Being that this blog is kind of dedicated to not watching television, you might be interested to know that my childhood was based very heavily on it. Not that I watched a lot of television; I probably watched about as much as other kids. My dad watched a lot of television…and I’m glad he did.
So you have probably assumed (correctly) that I am not biologically related to Michael Landon. My real grandfather on my dad’s side is still very much alive. He is a quiet man who smiles and whistles a lot and has been married to my grandmother for well over 60 years now. I love him dearly, and I think that he is a terrific guy. I know that my dad also loves him very much. He is his dad, after all.
When my father was growing up, my (real) grandfather took the traditional male role in the household – worked, rested, went back to work, was involved in discipline. He was not very emotionally demonstrative. (My grandparents met in an orphan home, so theirs was not exactly a traditional childhood experience and they did a fabulous job of raising children without having had a solid family of their own growing up).
My dad is a very emotional guy, however, and he had an ideal in his mind about what a father could be like. His major influences were Little House on the Prairie and The Courtship of Eddie’s Father. He decided that he wanted to be like those TV dads- involved, demonstrative, caring, loving, reasonable. He watched these fantasy fathers (OK, Michael Landon’s character on Little House was based on a book that was based on a real person, but that’s an awful lot of separation in my world) and he dreamed big about the kind of dad he was going to be someday.
Then I came along and he was able to try and put it all into practice. Being a parent isn’t easy, of course, but he really gave the job 100%. He took a job that wouldn’t keep him away from home for long trips or long hours, where we could stay in one place and my mom could stay home with me and my sister. He took me on “dates” every weekend (to give my mom a break, ha). We would go out to eat (I almost always chose McDonald’s), go to playgrounds, the park, bowling, fishing, sports games…I was (am, let’s face it) a spoiled Daddy’s girl. All because television had sparked a dream of being a really fantastic father.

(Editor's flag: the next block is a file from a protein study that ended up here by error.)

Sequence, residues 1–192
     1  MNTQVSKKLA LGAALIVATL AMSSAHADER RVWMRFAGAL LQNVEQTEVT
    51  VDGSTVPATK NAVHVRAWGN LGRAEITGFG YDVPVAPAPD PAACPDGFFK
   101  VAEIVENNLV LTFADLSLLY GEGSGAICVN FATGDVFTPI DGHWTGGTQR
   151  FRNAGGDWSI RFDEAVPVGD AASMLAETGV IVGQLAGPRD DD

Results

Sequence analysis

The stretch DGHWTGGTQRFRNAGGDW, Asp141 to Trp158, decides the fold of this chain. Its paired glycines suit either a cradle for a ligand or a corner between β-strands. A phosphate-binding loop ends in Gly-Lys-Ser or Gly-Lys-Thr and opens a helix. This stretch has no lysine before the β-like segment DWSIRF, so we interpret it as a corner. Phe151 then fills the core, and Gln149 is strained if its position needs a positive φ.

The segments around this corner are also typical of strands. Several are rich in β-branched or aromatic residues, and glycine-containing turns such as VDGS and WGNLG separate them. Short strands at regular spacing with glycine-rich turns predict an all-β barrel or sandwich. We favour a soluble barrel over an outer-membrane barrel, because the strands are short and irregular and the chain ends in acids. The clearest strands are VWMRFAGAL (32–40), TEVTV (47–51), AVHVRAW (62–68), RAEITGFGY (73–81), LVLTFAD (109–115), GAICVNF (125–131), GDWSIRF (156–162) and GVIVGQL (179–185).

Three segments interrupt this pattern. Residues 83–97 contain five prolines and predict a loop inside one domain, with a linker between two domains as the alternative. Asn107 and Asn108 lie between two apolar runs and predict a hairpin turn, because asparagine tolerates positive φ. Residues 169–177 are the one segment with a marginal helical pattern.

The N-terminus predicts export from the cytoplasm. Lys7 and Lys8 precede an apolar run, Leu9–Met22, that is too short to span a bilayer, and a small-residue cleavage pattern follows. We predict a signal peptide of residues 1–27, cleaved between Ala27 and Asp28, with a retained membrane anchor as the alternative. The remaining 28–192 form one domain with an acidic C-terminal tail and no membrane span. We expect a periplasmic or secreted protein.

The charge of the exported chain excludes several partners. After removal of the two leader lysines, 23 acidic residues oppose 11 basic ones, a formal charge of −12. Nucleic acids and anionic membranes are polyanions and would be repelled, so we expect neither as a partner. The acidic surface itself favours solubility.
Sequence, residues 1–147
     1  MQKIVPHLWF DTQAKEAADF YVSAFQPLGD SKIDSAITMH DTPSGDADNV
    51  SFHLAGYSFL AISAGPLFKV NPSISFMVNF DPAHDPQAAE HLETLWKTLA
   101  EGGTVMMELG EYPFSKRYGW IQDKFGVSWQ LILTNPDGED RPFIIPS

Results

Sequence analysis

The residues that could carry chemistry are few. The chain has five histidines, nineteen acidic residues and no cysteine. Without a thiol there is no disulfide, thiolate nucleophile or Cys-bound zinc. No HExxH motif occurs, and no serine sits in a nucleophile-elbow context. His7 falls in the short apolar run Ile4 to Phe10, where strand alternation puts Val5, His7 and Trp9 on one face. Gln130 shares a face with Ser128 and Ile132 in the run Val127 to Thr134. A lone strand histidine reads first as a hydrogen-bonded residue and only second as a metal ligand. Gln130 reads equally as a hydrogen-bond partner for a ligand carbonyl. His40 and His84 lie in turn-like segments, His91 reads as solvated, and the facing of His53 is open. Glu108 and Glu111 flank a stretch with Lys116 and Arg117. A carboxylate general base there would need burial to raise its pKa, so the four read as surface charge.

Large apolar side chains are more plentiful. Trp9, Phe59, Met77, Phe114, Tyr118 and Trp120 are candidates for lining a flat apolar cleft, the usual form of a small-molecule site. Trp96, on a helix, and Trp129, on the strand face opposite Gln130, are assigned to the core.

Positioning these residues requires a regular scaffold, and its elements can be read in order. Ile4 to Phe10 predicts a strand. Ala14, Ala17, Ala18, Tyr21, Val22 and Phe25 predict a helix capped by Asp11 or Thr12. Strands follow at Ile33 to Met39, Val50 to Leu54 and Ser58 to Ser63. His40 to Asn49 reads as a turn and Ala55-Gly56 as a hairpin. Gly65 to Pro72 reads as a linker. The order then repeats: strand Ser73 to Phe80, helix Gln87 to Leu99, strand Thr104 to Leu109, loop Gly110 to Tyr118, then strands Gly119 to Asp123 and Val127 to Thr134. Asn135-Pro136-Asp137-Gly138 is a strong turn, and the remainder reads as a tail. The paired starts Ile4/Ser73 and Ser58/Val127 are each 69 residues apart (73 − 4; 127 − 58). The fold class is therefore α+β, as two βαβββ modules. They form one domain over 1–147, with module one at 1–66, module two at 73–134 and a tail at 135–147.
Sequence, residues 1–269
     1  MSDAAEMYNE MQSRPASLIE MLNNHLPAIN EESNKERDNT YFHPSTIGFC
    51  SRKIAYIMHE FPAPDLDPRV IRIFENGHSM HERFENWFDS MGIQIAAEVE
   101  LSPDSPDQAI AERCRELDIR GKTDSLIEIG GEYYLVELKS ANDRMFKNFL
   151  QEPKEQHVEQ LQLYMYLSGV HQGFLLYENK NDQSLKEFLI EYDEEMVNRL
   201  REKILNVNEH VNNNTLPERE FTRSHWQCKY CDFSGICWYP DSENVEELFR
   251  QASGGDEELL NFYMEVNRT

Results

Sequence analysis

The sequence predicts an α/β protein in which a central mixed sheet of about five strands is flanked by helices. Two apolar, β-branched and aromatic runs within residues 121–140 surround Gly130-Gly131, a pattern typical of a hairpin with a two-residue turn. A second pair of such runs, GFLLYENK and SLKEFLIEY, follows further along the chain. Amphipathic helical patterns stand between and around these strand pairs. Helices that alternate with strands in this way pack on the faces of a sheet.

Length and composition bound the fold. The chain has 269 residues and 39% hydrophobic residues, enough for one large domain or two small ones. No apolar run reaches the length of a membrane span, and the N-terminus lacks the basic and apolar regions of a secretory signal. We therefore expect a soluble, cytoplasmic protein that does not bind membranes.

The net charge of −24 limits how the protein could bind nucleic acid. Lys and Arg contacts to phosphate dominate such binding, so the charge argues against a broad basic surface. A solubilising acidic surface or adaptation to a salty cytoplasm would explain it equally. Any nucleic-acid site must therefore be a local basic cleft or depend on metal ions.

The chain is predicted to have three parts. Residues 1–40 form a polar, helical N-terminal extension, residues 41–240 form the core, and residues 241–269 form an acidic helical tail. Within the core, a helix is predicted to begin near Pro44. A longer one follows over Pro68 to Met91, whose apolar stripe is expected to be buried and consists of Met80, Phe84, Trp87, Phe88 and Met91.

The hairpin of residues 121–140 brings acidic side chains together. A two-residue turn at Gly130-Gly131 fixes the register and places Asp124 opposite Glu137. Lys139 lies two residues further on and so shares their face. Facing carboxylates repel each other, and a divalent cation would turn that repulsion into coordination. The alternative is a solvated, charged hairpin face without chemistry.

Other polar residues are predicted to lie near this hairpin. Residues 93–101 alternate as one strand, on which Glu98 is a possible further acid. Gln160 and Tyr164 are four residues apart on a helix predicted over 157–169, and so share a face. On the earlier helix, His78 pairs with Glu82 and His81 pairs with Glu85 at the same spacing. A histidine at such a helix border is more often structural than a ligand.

OK, OK, I’m getting to the point, I promise.
Look at television now. Certainly, shows like Modern Family are entertaining and funny. However, look around the media for their portrayals of men. I think the best television dad I’ve seen is probably Booth from Bones, who still seems kind of inept. Granted, I don’t have cable and I am not even up to snuff on current programming, but I doubt I’m far off the mark.
Here’s my case. If television about upstanding/kind/gentle men could have such a profound positive effect on my father, couldn’t other shows portraying stupid/crass/sarcastic men have equally negative effects on other fathers? And what about the boys and young men who grow up watching shows like these? What kind of messages are we sending as a society about what we value in our men? That they can come up with witty, snide remarks over the Sunday paper?
Television can have a wider-reaching scope than people realize. “Garbage in, garbage out” is a saying that resonates with me. Perhaps shows like these will have no effect on society; I truly hope that is the case. However, if television does have power, why is no one harnessing that for good? What if there were characters on television who were actual heroes, not just superheroes? Men that boys could look up to as stellar examples of what it means to be a good man? So many children are growing up without fathers in their lives at all. It’s sad that at a time when great TV dads are needed the most, they are nowhere to be found.